The insurance company also tendered a $10, 000 check to DWB for cleanup of debris stemming from the tornado. DWB and Brown were not specifically required to maintain insurance for debris cleanup, but the lease did require them to maintain "fire, hazard and extended coverage insurance" on the improvements to the property. The evidence demonstrates that Brown and DWB never offered the $10, 000 insurance proceeds to Doug Boydston and D&T. Brown and DWB argued that because the debris-removal policy was not required under the lease, Doug Boydston and D&T were not entitled to the money.

         In September 2014, the circuit court held a hearing on the motion to disburse the $450, 000 or, alternatively, for the money to be placed into the registry. At the conclusion of the hearing, the circuit court gave D&T and Doug Boydston three options, they could (1) return the check to Brown and DWB, (2) accept the check as an accord and satisfaction, or (3) ask that the funds be deposited into the court's registry. They chose to have the money deposited into the registry of the court, and an order was entered authorizing the deposit.

         Even though no evidence was received at the hearing, the order included a finding that Brown and DWB had tendered the check to D&T and Doug Boydston in good faith-a requirement for accord and satisfaction.

         Later in September 2014, Doug Boydston died while cleaning debris at the Mayflower property. Toni Boydston, his widow and personal representative, was substituted for him as a party in this case; she also intervened in her individual capacity.

         In November 2014, First Service Bank (FSB), the mortgagee on the Mayflower property, filed a motion to intervene, which the circuit court granted. FSB sought to withdraw from the registry of the court the amount it was owed under the mortgage. FSB ultimately prevailed and was allowed to withdraw approximately $185, 000 from the registry of the court to satisfy its mortgage.

         A four-day trial on the merits was held in February 2016. In July 2016, the circuit court entered detailed findings of fact and conclusions of law and a judgment. The findings most pertinent to this appeal are that appellants Brown and DWB underinsured the Mayflower property; converted the $450, 000 and $10, 000 insurance checks and were liable for $230, 000 in punitive damages for conversion; and were required to pay prejudgment interest for the claims arising out of the converted checks and the underinsured property. The order also allowed appellees D&T and Toni Boydston, individually and as personal representative of Doug Boydston's estate, to submit a request for attorney's fees, and in November 2016, the circuit court entered an order awarding appellees $200, 000 in attorney's fees.[1] This timely appeal followed.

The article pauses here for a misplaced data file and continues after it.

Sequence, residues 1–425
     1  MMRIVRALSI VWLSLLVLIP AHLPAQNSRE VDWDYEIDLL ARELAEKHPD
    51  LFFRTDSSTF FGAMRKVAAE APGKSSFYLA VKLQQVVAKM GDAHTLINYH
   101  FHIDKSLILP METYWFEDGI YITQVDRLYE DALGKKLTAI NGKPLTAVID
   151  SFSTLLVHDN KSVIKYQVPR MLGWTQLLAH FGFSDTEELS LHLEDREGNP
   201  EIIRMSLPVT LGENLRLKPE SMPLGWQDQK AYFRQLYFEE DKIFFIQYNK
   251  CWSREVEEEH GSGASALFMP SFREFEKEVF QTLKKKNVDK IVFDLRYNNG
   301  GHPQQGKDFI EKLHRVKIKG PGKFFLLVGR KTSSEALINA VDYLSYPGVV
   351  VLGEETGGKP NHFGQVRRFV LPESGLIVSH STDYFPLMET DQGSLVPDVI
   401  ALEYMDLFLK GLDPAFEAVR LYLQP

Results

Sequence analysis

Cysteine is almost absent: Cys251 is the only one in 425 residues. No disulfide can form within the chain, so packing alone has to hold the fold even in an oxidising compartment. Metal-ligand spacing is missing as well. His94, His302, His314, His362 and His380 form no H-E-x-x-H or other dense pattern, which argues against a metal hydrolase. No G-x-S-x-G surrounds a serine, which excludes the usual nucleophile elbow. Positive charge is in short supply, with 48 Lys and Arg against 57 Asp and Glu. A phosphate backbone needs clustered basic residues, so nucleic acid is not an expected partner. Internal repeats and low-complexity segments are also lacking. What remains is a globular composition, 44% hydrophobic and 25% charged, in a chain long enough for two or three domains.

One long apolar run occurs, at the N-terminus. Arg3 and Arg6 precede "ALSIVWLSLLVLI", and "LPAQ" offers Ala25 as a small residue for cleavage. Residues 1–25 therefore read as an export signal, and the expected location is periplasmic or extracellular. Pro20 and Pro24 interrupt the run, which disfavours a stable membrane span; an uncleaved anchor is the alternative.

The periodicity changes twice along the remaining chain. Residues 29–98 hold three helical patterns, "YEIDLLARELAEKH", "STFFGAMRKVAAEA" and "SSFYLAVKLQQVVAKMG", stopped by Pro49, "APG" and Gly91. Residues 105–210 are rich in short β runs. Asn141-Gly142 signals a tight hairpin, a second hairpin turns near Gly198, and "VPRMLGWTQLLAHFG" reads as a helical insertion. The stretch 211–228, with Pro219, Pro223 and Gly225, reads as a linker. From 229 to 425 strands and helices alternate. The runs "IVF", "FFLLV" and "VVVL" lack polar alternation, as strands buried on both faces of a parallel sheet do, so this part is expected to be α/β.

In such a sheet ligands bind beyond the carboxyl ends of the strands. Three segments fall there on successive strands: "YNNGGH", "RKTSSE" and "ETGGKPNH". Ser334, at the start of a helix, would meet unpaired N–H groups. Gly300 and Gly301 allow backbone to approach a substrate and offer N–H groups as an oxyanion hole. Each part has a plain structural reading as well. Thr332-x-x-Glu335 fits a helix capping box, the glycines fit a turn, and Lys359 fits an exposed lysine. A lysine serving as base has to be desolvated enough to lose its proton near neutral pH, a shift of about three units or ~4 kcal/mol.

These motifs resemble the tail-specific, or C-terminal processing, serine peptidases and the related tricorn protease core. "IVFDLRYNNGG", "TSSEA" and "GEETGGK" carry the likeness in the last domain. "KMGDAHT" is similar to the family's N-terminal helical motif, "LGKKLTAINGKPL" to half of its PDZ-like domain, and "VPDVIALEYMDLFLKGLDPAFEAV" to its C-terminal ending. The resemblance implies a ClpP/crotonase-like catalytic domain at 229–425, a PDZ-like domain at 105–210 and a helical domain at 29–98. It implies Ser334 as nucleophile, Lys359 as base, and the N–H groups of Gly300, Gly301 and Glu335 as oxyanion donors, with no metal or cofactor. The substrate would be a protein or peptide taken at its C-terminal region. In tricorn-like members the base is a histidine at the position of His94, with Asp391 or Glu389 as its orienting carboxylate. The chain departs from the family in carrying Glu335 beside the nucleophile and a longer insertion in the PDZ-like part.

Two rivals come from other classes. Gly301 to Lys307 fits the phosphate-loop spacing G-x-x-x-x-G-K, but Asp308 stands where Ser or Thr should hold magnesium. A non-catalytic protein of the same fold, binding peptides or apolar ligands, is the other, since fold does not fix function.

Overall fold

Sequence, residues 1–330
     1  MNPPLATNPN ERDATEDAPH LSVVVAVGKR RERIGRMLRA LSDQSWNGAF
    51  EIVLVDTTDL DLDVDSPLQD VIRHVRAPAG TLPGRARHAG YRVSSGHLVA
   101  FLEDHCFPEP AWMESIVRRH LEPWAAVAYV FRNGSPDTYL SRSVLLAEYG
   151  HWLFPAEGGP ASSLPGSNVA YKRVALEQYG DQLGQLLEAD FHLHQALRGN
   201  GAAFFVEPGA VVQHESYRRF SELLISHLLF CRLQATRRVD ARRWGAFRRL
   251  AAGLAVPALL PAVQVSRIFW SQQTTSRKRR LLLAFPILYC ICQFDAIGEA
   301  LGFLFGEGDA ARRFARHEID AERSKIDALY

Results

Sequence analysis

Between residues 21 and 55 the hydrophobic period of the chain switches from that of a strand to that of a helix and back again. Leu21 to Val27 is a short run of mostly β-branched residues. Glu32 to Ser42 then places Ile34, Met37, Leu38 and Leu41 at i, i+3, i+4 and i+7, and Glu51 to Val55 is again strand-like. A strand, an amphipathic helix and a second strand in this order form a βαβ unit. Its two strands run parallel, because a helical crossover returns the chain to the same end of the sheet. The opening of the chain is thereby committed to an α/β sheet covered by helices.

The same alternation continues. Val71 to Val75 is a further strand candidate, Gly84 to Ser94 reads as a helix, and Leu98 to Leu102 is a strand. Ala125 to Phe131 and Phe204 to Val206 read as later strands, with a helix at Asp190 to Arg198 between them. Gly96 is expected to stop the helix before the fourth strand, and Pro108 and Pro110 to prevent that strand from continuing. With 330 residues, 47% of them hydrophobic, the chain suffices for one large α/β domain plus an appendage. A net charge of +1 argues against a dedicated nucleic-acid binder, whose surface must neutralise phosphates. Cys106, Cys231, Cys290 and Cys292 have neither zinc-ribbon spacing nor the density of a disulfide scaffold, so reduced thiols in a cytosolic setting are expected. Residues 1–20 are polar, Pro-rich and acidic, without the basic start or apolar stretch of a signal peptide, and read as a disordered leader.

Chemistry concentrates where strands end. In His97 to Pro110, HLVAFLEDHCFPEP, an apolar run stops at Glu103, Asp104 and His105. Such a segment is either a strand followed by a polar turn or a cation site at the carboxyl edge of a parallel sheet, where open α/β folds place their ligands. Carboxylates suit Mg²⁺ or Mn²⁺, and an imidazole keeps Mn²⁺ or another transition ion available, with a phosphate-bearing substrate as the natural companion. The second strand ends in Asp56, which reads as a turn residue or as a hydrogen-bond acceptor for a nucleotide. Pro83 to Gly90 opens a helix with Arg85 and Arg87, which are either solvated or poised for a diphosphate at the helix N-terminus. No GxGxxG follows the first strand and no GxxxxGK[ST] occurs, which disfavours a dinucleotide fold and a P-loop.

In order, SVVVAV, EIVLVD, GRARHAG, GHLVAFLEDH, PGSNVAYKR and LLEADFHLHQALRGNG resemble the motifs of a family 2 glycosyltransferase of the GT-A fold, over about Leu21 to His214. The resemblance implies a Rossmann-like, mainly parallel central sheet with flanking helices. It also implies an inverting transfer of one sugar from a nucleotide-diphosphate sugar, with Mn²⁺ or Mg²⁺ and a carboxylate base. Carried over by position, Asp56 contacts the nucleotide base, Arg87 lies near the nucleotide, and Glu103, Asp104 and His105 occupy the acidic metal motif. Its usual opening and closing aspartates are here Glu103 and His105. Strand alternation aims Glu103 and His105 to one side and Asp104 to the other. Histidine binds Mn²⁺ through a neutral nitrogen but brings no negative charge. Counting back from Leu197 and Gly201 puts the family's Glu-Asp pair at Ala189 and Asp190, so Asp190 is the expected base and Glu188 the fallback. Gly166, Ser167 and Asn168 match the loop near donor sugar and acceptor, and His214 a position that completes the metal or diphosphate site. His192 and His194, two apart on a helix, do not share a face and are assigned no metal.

Appellants make six arguments in support of reversal. They contend that (1) appellees waived their right to enforce against any alleged underinsurance of the Mayflower property; (2) they did not commit conversion of the $450, 000 and $10, 000 insurance checks; (3) assuming they committed conversion, punitive damages were not appropriate; (4) the attorney's-fee award should be reversed or reduced; (5) the award of prejudgment interest for conversion of the $450, 000 and for the underinsurance of the property is reversible error; and (6) it was error to hold Danny Brown personally liable for the acts of DWB.

         I. Waiver

         The parties' lease required appellants to maintain insurance coverage in the amount of the replacement value of any improvements erected on the property. The evidence demonstrated that appellants had the property insured with actual-cash-value insurance rather than replacement-value insurance and had $450, 000 worth of coverage, which appellees contend was significantly less than was necessary to cover the replacement of any improvements on the property.

         Appellants clearly breached the lease, but they argued that appellees waived the right to enforce against any breach because appellees knew and accepted that there was $450, 000 of actual-cash-value insurance on the property. "A party to a contract, who, with knowledge of a breach by the other party, continues to accept benefits under the contract and suffers the other party to continue in performance thereof, waives the right ...